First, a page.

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Study offers alternative view on how faults form in the ocean’s depths

11.04.2005


Scientists have long held the belief that the fracturing of the Earth’s brittle outer shell into faults along the deep ocean’s mountainous landscape occurs only during long periods when no magma has intruded. Challenging this predominant theory, findings from a completed study show how differences in mid-ocean ridge magma-induced activity produce distinctly different types of ocean floor faulting. W. Roger Buck, Doherty Senior Research Scientist at the Lamont-Doherty Earth Observatory (LDEO), is one of a trio of scientists who developed these new models for faults seen at mid-ocean ridges where the Earth’s tectonic plates split apart and basaltic magma rises to form the oceanic crust that today covers two-thirds of the planet. The scientists’ work has culminated in the publishing of their findings in the April 7, 2005 issue of Nature.

Unlike faults on land, those formed along mid-ocean ridges are practically a dime a dozen. "The rate of fault generation across these ridges is a hundred times greater than on land," explains Buck. "And while land faults are easily eroded and often cut older faults in complex, hard-to-untangle ways, submarine faults break into newly formed crust and lithosphere and are little obscured by erosion. Recent observations show a huge range of fault types and sizes at ridges." These combined factors make mid-ocean ridges "the place to learn about how faults form and grow."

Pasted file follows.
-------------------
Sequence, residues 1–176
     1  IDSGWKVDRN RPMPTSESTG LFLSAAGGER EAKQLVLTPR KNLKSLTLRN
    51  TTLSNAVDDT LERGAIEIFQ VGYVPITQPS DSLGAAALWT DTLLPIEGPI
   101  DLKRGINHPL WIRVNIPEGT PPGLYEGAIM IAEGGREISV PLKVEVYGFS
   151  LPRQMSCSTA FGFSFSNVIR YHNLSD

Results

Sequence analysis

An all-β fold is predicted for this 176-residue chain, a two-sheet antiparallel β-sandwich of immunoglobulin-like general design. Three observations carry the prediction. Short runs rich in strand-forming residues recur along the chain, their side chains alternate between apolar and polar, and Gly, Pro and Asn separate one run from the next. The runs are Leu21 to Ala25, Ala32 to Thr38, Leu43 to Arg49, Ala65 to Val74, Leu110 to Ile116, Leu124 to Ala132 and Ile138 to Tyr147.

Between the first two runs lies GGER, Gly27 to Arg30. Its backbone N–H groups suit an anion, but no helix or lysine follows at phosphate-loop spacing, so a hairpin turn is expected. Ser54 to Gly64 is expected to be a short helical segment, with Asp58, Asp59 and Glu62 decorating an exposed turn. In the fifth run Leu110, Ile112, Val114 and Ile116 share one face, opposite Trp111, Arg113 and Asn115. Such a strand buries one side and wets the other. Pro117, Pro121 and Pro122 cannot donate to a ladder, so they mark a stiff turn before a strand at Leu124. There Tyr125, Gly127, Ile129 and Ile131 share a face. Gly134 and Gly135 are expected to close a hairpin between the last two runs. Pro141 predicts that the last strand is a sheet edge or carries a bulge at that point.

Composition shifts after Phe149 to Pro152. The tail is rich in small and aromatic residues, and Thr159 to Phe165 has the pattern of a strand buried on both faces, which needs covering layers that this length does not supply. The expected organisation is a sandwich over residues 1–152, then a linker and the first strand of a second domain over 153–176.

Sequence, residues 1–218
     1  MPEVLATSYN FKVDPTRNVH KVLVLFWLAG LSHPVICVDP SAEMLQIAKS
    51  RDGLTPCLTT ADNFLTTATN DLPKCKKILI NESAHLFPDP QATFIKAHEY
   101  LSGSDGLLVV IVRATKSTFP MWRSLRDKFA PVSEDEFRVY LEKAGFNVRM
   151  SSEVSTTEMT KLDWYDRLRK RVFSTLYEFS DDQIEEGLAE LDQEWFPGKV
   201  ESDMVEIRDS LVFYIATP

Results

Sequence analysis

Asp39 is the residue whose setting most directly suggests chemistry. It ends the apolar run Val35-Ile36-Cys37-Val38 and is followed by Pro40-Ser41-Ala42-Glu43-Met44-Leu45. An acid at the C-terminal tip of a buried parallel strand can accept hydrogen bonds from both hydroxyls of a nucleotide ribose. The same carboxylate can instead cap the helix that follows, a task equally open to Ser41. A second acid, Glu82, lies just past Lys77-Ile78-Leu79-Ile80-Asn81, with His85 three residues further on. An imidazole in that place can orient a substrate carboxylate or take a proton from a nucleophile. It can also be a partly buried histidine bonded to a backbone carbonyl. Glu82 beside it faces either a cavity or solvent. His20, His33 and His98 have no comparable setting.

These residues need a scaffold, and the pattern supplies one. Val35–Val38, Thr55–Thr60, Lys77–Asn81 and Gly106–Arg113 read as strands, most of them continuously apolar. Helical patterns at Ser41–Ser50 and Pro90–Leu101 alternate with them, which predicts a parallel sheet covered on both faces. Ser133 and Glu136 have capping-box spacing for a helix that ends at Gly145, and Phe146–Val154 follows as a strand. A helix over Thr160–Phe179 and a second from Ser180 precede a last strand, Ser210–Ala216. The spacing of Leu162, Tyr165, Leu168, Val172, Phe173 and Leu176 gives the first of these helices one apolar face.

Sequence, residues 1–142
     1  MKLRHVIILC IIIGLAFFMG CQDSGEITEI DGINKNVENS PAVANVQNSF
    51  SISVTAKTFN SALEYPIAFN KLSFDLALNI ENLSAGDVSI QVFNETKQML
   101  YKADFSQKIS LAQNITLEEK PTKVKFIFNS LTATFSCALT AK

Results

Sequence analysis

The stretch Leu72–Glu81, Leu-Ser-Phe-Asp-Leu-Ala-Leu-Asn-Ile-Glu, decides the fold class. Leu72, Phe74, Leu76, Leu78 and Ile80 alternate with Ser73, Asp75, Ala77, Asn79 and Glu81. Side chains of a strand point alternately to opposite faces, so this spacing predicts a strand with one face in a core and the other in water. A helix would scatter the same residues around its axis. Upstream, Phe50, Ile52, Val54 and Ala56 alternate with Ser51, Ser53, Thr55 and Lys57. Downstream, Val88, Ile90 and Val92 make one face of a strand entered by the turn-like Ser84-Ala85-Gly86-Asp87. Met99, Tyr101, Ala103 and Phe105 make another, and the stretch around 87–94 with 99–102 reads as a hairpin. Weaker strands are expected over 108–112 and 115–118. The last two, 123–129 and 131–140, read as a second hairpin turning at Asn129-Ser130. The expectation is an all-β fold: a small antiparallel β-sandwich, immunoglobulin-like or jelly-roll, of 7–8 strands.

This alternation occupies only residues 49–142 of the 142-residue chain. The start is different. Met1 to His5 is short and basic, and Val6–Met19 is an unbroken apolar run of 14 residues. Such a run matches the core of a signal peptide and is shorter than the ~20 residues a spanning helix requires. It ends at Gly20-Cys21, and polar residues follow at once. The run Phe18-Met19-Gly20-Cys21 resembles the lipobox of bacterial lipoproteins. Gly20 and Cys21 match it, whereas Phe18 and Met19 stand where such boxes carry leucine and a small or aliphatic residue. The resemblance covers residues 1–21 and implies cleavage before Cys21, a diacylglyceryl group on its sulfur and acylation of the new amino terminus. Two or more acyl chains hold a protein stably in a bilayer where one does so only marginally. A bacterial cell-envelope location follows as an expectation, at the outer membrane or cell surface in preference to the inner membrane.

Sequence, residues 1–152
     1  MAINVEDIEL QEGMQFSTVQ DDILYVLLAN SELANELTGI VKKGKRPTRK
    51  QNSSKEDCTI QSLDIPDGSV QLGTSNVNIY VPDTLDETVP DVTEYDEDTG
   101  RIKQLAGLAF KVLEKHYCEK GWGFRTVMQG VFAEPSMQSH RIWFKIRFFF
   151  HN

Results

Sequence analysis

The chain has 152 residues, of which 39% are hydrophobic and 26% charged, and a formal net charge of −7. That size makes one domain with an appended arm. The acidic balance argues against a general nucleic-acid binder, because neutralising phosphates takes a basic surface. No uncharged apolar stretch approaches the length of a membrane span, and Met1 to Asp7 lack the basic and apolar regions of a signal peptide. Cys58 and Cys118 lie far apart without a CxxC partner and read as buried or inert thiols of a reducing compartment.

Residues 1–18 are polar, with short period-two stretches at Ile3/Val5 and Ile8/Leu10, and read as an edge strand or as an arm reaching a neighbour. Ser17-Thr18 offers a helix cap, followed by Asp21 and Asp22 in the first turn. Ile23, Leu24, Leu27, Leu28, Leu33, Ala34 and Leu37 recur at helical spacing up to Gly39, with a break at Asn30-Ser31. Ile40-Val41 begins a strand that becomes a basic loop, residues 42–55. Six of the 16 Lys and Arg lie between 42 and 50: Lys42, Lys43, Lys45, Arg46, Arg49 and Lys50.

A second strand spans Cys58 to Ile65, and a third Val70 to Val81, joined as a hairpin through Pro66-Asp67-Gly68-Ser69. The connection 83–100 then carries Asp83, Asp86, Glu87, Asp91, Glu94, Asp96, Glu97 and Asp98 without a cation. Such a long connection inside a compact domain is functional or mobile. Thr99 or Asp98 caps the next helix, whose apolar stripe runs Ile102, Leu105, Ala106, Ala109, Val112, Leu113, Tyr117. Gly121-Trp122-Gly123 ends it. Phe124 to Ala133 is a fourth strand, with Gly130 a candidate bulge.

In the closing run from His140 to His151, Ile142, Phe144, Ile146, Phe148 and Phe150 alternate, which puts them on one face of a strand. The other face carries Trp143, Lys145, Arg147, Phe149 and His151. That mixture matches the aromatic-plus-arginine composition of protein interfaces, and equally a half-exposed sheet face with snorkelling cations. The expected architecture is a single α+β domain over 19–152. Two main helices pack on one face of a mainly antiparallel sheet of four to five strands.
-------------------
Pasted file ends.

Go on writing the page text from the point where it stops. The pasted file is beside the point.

The team’s findings challenge the standard view that all faults at these ridges result from tectonic stretching of thin near-ridge lithosphere (the Earth’s brittle outer shell, where earthquakes are concentrated) in the absence of magma, hot molten rock from deep within the Earth. Among several recent observations that do not fit this standard model, two stand out: the first concerns where the faults form and the second deals with how far the faults slip. Faults formed at fast-spreading centers, like the East Pacific Rise, are tiny in comparison to faults that bound deep ocean hills at slow-spreading centers like the Mid-Atlantic Ridge. All ridge faults start off growing close to the ridge. Mid-Atlantic faults die only a short distance from where they are formed. In comparison, faults along the East Pacific Rise continue growing--although very slowly--much farther from the ridge axis. The new models show that these faults may form due to bending, not stretching, of the lithosphere.



Until a few years ago most scientists believed that the biggest faults at ridges account for around a kilometer of slip. But now we see some faults have slipped several tens of kilometers. Buck and his colleagues’ study shows that special conditions may produce the larger offset "oceanic core complex" faults.